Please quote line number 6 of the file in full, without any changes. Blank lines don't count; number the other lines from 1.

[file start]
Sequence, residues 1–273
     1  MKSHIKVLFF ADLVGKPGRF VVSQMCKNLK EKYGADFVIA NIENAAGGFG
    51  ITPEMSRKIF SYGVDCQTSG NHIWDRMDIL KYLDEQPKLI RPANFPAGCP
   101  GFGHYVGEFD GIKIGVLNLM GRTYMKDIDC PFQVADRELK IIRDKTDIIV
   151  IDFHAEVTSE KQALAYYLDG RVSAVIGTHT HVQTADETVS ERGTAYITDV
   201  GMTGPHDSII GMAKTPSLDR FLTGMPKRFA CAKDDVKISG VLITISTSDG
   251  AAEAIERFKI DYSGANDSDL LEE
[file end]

   201  GMTGPHDSII GMAKTPSLDR FLTGMPKRFA CAKDDVKISG VLITISTSDG